My time as an MSc Animal Welfare Science, Ethics and Law student at the University of Glasgow by Megan Baker

Last September, I began studying an MSc in Animal Welfare, Science, Ethics and Law at the University of Glasgow. The course is split into three semesters: the first focusing on science research skills, the second ethics and law, with the third dedicated to completing the dissertation or “research project”.

Before this I gained my undergraduate degree in law at the University of Birmingham, which is where I became interested in the idea of animal law. During the course of my studies I came to the conclusion that I did not want to become a practising lawyer, and instead decided I wanted to pursue a career in animal welfare, perhaps becoming involved in the actual law and policy-making process. As I learned more about the sector, I became aware that animal welfare is a multidisciplinary subject; with its approach taking in law, science and sociology, The University of Glasgow’s course seemed perfect to equip me with the skills necessary to understand the science to support legal or ethical arguments to become an advocate for animals.

The first semester consisted of two modules, ‘Animal Welfare Science’ and ‘Key Research Skills’. Animal Welfare Science covered general welfare issues in different areas, such as pets, zoos, laboratory animals, wild animals, and so on. We were also encouraged to apply animal welfare in more unconventional contexts – such as the conflict between conservationists and welfarists – and focusing on group welfare rather than individual welfare for wild animals.

The Key Research Skills module focused primarily on using the software ‘R’ for statistical analysis. Having had absolutely no prior experience with coding or statistics, I found this to be quite a challenge; even those with a scientific background seemed to struggle, though, which was reassuring! The class included postgraduate students from other courses within our school (such as the Institute of Biodiversity, Animal Health and Comparative Medicine), which meant that there were plenty of people to ask when you needed help.

Although this meant that there was a very mixed ability within the class, the course was structured as if everyone was starting afresh with the software for the first time. There was also an online message board where you could post queries which the lecturers would respond to within a reasonable amount of time. This was particularly useful as if you had a problem with your script, the chances were someone else would have the exact same issue! It is also hard to put into words the sheer elation and joy you feel when you are able to run a script with absolutely no errors!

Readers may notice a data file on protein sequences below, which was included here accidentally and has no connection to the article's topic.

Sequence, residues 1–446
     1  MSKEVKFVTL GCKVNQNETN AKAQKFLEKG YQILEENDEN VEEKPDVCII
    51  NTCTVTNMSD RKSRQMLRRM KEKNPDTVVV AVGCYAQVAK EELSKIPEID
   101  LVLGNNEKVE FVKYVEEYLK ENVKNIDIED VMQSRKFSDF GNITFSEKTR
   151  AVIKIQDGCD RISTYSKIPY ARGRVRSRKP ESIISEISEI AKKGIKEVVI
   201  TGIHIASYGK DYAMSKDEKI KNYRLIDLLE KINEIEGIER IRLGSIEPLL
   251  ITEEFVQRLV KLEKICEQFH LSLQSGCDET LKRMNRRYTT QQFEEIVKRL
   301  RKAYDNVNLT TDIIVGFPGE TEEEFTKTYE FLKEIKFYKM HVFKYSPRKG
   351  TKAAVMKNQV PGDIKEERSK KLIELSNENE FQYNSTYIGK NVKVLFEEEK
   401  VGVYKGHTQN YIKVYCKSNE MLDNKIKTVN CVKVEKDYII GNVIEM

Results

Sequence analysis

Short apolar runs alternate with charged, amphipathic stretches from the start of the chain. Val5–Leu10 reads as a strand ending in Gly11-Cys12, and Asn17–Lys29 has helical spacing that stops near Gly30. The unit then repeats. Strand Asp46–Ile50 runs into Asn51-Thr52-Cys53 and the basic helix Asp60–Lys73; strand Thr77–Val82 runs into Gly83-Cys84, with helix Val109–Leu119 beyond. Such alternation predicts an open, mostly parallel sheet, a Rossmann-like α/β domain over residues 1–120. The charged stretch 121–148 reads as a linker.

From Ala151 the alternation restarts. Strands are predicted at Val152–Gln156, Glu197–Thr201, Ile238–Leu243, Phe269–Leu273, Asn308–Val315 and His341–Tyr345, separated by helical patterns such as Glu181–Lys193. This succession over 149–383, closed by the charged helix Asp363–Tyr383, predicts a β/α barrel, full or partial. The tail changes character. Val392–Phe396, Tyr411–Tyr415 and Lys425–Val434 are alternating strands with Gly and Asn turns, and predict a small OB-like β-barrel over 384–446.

In the second semester, we took the core modules ‘Animal Ethics’ and ‘Legislation and Societal Issues’, as well as having the opportunity to choose four optional modules. I chose two of the animal welfare-specific classes, ‘Biology of Suffering’ and ‘Welfare Assessment’, and two modules offered by other postgraduate degrees within our school, ‘Human Dimensions of Conservation’ and ‘Vertebrate Identification’.

‘Vertebrate Identification’ was the module I enjoyed the most. The assessment took place at SCENE, the University of Glasgow’s research centre located in Loch Lomond. This was something completely different from the rest of my higher education. I was outdoors, in beautiful surroundings, listening to bird calls, setting and looking for small mammal traps, and identifying animals from their scats. I also got to see a red squirrel and pine marten in the wild (that’s two animals crossed off my species bucket list). It really made me consider welfare in a wildlife context, as well as the importance of monitoring in conservation to assess the health of different habitats and ecosystems.

This course was everything that I was looking for. We had several trips across the year, including to the Highland Wildlife Park, a commercial dairy farm, an SSPCA wildlife rescue, and the university animal laboratories and research farm. We also benefited from guest lecturers drawn from different disciplines and organisations, including a wildlife consultant, the Head of Living Collections at the Highland Wildlife Park, an RSPB campaigner, a member of the SSPCA, and A-law trustee and animal law expert Mike Radford. I feel I now have a well-rounded knowledge about the different contexts in which animals are used, and how science can be used to detect and monitor welfare states of individual animals.

I now only have my dissertation left to complete. The majority of students on this course undertake a scientific study, but as a law graduate, I wanted to focus on a project that would be beneficial to animal welfare in a legal and policy context. My course leaders were more than happy to accommodate me and are very keen to publish any projects completed by masters students. I have also been lucky enough to secure a partnership with Scottish-based animal welfare charity OneKind, so hopefully you shall see the executive summary of my work on their website next year!

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